Other people develop urinary urgency (needing to rush to the toilet very quickly because of fear of not making it on time).  Sometimes the muscles controlling the anal passage are more of a problem and controlling the passage of wind or stool can be difficult. People with weak anal muscles might have to rush to the toilet to empty their bowels because they can’t hold on, or they might not be able to control the passage of wind or may even leak stool or mucus unintentionally.  For women with weak pelvic floor muscles, especially after childbirth, prolapse may also be a problem.  Prolapse is a bulge or lump in the vagina indicating that one or more of the pelvic organs (uterus, bladder or bowel) may no longer be well supported and is sitting too low in the pelvis.  This can sometimes cause difficulty with completely emptying the bladder or bowel.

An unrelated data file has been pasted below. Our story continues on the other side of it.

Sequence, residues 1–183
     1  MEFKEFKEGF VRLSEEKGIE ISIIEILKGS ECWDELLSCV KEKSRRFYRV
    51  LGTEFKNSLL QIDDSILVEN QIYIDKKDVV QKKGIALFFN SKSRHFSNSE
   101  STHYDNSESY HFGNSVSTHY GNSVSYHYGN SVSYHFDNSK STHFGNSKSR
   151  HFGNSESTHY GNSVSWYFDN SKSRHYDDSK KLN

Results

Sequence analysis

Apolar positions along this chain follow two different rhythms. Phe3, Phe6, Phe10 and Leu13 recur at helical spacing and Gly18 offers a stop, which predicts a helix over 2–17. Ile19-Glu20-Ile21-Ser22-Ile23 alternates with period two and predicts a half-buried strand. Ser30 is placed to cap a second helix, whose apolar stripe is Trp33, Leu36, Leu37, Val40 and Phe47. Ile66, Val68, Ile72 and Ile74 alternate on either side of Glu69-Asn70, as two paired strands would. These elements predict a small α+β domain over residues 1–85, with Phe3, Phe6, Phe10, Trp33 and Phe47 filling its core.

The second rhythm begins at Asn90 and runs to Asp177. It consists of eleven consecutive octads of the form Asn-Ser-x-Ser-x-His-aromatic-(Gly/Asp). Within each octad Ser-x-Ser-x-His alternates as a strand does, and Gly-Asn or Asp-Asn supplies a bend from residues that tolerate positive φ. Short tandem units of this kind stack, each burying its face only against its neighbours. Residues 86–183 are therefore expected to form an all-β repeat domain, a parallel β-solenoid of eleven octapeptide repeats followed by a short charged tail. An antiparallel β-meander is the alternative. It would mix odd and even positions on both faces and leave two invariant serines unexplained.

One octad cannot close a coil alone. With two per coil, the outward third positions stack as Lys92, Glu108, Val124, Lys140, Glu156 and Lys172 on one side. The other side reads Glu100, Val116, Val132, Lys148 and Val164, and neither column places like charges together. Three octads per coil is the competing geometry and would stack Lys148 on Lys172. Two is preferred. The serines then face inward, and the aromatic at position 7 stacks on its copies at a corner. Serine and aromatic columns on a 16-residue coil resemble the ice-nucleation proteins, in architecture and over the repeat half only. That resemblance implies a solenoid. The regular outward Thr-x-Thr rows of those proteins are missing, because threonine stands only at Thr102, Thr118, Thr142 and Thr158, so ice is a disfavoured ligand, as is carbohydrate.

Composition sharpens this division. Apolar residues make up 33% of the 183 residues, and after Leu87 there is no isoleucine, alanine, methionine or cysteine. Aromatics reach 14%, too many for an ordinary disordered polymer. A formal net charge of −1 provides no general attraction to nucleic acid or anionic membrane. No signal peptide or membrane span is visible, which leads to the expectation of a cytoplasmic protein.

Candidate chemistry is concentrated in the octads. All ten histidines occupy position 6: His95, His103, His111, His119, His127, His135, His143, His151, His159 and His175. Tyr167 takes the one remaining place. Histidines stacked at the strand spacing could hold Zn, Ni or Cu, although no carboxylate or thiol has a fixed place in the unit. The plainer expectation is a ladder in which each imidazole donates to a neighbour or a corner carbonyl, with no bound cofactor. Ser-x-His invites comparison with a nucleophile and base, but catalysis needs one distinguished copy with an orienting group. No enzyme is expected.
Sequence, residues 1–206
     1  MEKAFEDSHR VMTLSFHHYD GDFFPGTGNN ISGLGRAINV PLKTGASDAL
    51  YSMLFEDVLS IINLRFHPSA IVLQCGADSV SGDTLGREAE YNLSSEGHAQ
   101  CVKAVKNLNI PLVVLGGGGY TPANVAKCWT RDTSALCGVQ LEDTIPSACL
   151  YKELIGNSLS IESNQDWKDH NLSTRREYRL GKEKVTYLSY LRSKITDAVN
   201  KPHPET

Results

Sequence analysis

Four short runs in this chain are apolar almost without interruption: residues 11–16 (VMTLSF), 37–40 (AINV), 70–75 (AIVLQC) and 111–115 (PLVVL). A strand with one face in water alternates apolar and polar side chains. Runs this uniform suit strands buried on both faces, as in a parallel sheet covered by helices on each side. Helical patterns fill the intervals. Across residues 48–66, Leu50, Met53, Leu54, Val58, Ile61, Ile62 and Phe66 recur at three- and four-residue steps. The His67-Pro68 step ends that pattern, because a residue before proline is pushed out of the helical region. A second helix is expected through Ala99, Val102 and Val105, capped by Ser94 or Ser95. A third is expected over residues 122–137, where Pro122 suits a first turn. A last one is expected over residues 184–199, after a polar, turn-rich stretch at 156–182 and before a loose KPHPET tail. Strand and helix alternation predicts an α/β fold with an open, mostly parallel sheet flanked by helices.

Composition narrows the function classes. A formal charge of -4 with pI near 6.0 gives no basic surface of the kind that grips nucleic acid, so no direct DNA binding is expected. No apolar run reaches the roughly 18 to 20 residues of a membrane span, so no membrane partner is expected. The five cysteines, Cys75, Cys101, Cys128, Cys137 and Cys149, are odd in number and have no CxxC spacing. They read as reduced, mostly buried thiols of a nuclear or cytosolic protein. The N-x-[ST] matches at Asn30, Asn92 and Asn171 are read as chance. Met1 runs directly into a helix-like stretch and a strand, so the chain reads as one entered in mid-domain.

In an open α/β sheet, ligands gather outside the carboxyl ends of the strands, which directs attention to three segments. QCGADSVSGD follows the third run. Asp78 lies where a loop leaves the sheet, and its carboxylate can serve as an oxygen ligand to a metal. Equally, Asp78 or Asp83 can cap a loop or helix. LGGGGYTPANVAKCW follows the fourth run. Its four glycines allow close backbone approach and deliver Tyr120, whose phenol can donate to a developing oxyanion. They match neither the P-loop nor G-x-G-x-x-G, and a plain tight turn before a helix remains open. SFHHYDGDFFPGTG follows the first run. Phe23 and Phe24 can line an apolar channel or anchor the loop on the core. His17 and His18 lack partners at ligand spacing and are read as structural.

Sometimes pelvic floor muscles can be too overactive and cause pain.  Women with overactive pelvic floor muscles might find sex uncomfortable or even impossible. Overactive pelvic floor muscles can also cause problems with emptying the bladder or bowel.


Remember that bladder or bowel leakage is never normal and can usually be helped, no matter what a person’s age.


How does pregnancy affect my pelvic floor?